“I know what I was told a long time ago. The rainbow is the bridge between heaven and earth. It will shatter at the end of the world, once the devil has crossed it on horseback.” The Club Dumas Arturo Perez-Reverte
The problem is with thought. How we think. The problem begins in 19 Sixty and continues right up until now. Postmodernism started as critique, as a way to poke holes into the dark black edifice of Modernist thought. But by the mid-seventies something about the way this critique was formed had hardened rendering this type of rhetoric brittle and predictable. Maybe it was the cultural fallout after May 1968, maybe it was the Vietnam war and the total collapse of the United States’ government in Nixon’s years, or maybe it was the final economic triumph of corporatist power over democratic institutions. But a new type of power took hold and has been hard at work ever since. Postmodernism, once the locus of theoretical discontent and a tool to affect change, became the comfortable language of power – political, economic and cultural power. We saw this most prominently in the US conservative party’s embrace and promotion of Fukuyama’s POMO rhetorical tract “The End of History.” This love letter to “liberal democratic” society shows how deeply ingrained Postmodernist thought had become in our “new” media culture. It’s still quite a stunning piece of theoretical reversal, contextual argument and revisionist thought – an argument directed from the top down – a tract that maintains and legitimizes the global corporate institution as the true manifestation and final flowering of liberal democratic freedom.
“…I believe that both economics and politics presuppose an autonomous prior state of consciousness that makes them possible. But that state of consciousness that permits the growth of liberalism seems to stabilize in the way one would expect at the end of history if it is underwritten by the abundance of a modern free market economy. We might summarize the content of the universal homogenous state as liberal democracy in the political sphere combined with easy access to VCRs and stereos in the economic.”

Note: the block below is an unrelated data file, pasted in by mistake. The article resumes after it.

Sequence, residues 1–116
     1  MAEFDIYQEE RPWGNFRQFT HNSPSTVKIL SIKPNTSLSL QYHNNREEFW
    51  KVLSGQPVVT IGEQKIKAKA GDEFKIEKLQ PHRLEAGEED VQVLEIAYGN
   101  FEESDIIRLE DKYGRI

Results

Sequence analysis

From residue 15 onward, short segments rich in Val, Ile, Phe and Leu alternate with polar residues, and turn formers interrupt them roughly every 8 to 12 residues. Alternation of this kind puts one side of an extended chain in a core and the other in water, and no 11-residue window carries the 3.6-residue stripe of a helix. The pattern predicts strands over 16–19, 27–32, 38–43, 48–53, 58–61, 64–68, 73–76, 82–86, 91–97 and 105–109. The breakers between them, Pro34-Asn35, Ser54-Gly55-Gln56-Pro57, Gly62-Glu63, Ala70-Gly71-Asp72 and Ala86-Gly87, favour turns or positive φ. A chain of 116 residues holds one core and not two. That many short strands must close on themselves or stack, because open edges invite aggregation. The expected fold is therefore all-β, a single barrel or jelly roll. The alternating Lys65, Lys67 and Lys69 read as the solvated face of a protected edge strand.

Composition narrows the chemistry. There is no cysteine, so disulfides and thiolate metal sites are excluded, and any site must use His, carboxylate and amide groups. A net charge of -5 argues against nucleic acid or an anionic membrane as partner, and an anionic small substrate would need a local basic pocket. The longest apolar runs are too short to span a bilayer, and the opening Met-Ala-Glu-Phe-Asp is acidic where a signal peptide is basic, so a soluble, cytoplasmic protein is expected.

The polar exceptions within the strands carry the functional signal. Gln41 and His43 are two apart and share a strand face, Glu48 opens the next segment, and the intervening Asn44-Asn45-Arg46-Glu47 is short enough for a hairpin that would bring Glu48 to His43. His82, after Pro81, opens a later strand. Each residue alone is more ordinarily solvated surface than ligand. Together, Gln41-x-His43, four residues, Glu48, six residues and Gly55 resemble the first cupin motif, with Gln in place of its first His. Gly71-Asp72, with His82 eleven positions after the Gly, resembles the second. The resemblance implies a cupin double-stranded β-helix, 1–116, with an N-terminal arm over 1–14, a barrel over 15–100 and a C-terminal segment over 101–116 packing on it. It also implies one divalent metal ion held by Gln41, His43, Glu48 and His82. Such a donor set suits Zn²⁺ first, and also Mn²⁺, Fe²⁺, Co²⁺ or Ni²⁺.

This sort of contextual solipsistic thinking inhabits our little world of art as well, and it has been used as a stick to keep us in line. It has shaped how Art is made, how it is discussed and how it is sold. Art and markets go hand in hand – indistinguishable from one another. If it sells it is good and right, and in many cases “advanced,” if not, well, it can hardly be worthwhile. We have had years and years of it – through my entire art life. I’ve watched art become an entertainment industry. We’ve discussed it at length in other posts and other critiques if you care to look. But for now I begin a general discussion of vision and in the 2 upcoming Rough Trade posts I will be very specific.
Let’s start with Jerry Saltz’s recent admissions in his post about the Venice Biennale. I am using Jerry’s work once again because he was/is the preeminent critical voice extolling the virtues of this type of endgame Postmodern art. – “The show… looks pretty much the way these sorts of big international group shows and cattle calls now look; it includes the artists that these sorts of shows now include. It’s full of the reflexive conceptualism that artists everywhere now produce because other artists everywhere produce it (and because curators curate it). Almost all of this art comments on art, institutions, or modernism. Basically, curators seem to love video, text, explanations, things that are “about” something, art that references Warhol or Prince, or that makes sense; they seem to hate painting, things that don’t make sense, or that involve overt materiality, physicality, color, or strangeness… Any critic who says this, of course, is accused of conservatism, of wishing for a return to painting… (That said, it’s hard to imagine anything more conservative today than an institutional critique. That sort of work is the establishment.) It’s just another aesthetically familiar feedback cycle: impersonal, administratively adept, highly professionalized, formally generic, mildly gregarious, aesthetically familiar, totally knowing, cookie-cutter. It is time we broke out of that enervated loop.”